#deferred #reference #pointer #lifetime #borrow

no-std deferred-reference

A deferred reference is not an actual reference, it is merely a smart pointer tied to the lifetime of the location it points to

2 releases

0.1.2 Apr 5, 2021
0.1.1 Apr 4, 2021
0.1.0 Apr 3, 2021

#114 in Concurrency

21 downloads per month

MIT license

1.5K SLoC

Deferred Reference

This crate helps with creating multiple mutable references to the contents of a variable without triggering undefined behavior. The Rust borrow rules dictate that it is undefined behavior to create more than one mutable reference to the same region, even if the mutable reference is not used. However, this can sometimes be a tad too restrictive if the programmer knows that two mutable references will not overlap. Using raw pointers, it is already possible to work-around the Rust borrow rules today, but this requires wizard-like skills and in-depth knowledge of handling raw pointers and this is more prone to error than using Rust references. With the introduction of non-lexical lifetimes in the Rust 2018 edition, the ergonomics around references have already significantly improved, but there are still some corner-cases where the programmer wished there was some way to create non-overlapping mutable references into the same location (e.g. disjoint indices of a slice or array), without resorting to manually managed raw pointers. In order to aid with this, this crate introduces the concept of a "deferred reference"1. A deferred reference is almost exactly like a regular reference (e.g. a &T or a &mut T), but it differs from a regular reference in the following ways:

  • A deferred reference is not an actual reference, it is merely a smart pointer tied to the lifetime of the location it points to (regular raw pointers always have a static lifetime, and can thus become dangling if the location it points to is moved or dropped).
  • It is allowed to keep multiple deferred mutable references around (as long as these are not dereferenced in a way so that these create an overlap between a mutable reference and another (de)reference).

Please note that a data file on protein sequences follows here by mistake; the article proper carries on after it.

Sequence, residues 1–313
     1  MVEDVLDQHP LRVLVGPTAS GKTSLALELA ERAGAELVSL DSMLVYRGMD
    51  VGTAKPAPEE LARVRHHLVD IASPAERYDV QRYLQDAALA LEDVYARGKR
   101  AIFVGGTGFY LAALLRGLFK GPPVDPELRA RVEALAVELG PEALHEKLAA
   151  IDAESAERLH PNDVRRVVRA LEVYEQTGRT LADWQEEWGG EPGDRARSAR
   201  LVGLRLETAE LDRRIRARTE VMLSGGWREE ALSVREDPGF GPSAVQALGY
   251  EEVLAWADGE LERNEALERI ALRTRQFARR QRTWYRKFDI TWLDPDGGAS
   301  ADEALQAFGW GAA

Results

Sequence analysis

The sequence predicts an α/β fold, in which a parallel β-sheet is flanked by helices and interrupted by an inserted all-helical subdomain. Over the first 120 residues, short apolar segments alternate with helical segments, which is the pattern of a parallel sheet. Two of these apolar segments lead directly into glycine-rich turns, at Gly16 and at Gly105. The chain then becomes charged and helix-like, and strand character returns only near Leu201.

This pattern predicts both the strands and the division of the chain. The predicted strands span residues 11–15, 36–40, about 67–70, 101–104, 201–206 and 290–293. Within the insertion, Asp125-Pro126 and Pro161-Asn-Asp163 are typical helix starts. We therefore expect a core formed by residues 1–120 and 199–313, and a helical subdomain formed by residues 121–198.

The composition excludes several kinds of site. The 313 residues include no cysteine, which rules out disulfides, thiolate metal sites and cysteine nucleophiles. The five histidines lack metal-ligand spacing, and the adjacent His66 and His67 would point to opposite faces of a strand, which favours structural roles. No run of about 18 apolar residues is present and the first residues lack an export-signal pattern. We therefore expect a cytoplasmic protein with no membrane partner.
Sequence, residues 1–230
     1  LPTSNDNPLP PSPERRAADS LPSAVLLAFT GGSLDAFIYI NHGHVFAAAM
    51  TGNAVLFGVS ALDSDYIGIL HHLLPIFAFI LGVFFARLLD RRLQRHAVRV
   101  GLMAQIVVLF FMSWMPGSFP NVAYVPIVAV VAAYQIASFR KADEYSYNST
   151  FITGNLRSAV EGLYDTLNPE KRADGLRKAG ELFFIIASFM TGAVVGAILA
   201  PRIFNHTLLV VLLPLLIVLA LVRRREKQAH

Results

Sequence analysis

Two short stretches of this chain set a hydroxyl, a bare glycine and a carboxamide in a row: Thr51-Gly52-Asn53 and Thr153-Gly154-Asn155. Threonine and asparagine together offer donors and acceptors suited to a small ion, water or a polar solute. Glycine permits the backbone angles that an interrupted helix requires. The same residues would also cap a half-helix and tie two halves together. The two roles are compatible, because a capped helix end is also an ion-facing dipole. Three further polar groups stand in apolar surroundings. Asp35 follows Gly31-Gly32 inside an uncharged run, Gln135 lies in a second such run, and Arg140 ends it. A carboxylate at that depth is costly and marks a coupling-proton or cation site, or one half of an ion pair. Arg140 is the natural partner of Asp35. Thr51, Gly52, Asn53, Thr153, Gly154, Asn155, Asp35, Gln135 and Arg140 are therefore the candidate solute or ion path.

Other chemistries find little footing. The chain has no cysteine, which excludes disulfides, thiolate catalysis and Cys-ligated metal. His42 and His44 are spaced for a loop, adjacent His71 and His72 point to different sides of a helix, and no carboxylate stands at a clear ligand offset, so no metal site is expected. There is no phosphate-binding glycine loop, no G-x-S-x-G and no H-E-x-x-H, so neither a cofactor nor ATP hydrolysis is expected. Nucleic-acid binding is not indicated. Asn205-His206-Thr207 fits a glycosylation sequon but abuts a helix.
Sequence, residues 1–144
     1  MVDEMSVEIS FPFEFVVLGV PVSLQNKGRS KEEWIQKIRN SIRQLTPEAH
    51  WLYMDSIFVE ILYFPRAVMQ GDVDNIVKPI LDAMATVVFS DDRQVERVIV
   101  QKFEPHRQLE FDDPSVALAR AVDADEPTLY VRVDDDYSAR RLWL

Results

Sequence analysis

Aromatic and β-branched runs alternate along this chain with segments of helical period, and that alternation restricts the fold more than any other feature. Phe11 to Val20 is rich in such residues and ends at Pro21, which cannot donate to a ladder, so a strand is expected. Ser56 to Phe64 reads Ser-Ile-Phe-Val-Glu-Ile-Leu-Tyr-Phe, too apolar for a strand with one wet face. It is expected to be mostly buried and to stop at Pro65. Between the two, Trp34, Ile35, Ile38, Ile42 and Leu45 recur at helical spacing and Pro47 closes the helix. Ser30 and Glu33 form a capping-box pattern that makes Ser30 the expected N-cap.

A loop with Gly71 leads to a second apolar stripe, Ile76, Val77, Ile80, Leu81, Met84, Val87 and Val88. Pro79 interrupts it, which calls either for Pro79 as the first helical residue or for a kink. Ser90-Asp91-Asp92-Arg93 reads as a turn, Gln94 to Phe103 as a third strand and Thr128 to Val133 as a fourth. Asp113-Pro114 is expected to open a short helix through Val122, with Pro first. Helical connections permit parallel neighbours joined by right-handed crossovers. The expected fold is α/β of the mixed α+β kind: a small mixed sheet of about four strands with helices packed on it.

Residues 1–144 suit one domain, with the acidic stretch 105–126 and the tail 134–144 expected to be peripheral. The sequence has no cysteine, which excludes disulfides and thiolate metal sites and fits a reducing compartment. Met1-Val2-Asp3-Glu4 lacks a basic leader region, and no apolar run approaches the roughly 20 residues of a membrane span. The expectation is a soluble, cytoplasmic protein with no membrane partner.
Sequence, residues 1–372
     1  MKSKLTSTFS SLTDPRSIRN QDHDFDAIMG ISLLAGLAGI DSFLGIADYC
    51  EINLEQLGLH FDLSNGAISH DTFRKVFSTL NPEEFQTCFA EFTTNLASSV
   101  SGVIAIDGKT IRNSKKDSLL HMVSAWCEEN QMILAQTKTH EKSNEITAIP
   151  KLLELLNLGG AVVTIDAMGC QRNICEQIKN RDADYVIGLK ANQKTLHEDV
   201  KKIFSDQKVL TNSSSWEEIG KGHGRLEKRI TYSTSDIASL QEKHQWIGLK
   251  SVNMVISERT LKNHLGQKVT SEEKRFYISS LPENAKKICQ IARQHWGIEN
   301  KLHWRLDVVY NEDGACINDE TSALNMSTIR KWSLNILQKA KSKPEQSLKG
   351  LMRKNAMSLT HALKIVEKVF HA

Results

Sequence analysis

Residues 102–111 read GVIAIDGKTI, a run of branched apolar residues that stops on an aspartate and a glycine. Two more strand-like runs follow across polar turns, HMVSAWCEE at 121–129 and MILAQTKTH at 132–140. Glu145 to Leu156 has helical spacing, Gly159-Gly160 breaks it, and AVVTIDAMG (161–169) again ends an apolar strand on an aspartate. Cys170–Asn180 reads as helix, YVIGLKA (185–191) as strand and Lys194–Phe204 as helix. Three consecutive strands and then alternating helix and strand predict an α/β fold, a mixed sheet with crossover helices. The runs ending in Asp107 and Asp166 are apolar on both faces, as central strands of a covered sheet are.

Getting started

If you're on nightly Rust, add the following dependency to your Cargo.toml:

deferred-reference = { version = "0.1.2" }

This crate uses some unstable features, but it also works on stable Rust with less features. For using this crate in stable Rust you need to disable the unstable nightly features using the default-features flag, like so:

deferred-reference = { version = "0.1.2", default-features = false }

Please see the documentation for this crate on how to get started with some concrete code examples.

#![no_std] environments

This crate is entirely #![no_std] and does not depend on the alloc crate. No additional Cargo.toml features need to be configured in order to support #![no_std] environments. This crate also does not have any dependencies in its Cargo.toml.

Miri tested

This crate is extensively tested using Miri using the -Zmiri-track-raw-pointers flag:

$ MIRIFLAGS="-Zmiri-track-raw-pointers" cargo miri test

Miri follows the Stacked Borrows model (by Ralf Jung et al.) and so does this crate. If you happen to spot any violations of this model in this crate, feel free to open a Github issue!


This project is licensed under the MIT license. Please see the file LICENSE.md in the root of this project for the full license text.


It is encouraged to open a Github issue if you run into problems or if you have a feature request. At this point, this project does not accept pull requests yet. Please check back later!


[1]: The concept of "deferred references" is inspired by the concept of "Deferred Borrows" authored by Chris Fallin. However, these are not entirely the same concept. These differ in the sense that deferred borrows bring an extension to the Rust type system (called static path-dependent types) and its implementation is intended to live within the Rust compiler, while deferred references are implemented in Rust code that is already possible today with its existing type system. The trade-off made here is that this requires minimal use of unsafe code blocks with deferred references, while deferred borrows would work entirely within "safe Rust" if these were to be implemented in the Rust compiler. There are also some similarities between the two concepts: both concepts are statically applied during compile-time and due not incur any runtime overhead. Also, with both approaches an actual reference is not created until the reference is actually in use (i.e. dereferenced or borrowed for an extended period of time).

No runtime deps


  • coerce_unsized
  • slice_ptr_len
  • unstable